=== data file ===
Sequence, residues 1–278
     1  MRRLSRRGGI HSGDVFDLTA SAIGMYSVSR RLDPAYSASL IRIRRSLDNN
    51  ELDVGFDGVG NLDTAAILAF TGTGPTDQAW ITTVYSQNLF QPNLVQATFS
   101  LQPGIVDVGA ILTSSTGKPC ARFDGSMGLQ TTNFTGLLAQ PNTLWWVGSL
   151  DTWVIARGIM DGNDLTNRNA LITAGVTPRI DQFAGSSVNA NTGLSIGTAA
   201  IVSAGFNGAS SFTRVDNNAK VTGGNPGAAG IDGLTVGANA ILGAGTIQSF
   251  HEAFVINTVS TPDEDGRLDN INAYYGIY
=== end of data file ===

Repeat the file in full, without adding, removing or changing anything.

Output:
Sequence, residues 1–278
     1  MRRLSRRGGI HSGDVFDLTA SAIGMYSVSR RLDPAYSASL IRIRRSLDNN
    51  ELDVGFDGVG NLDTAAILAF TGTGPTDQAW ITTVYSQNLF QPNLVQATFS
   101  LQPGIVDVGA ILTSSTGKPC ARFDGSMGLQ TTNFTGLLAQ PNTLWWVGSL
   151  DTWVIARGIM DGNDLTNRNA LITAGVTPRI DQFAGSSVNA NTGLSIGTAA
   201  IVSAGFNGAS SFTRVDNNAK VTGGNPGAAG IDGLTVGANA ILGAGTIQSF
   251  HEAFVINTVS TPDEDGRLDN INAYYGIY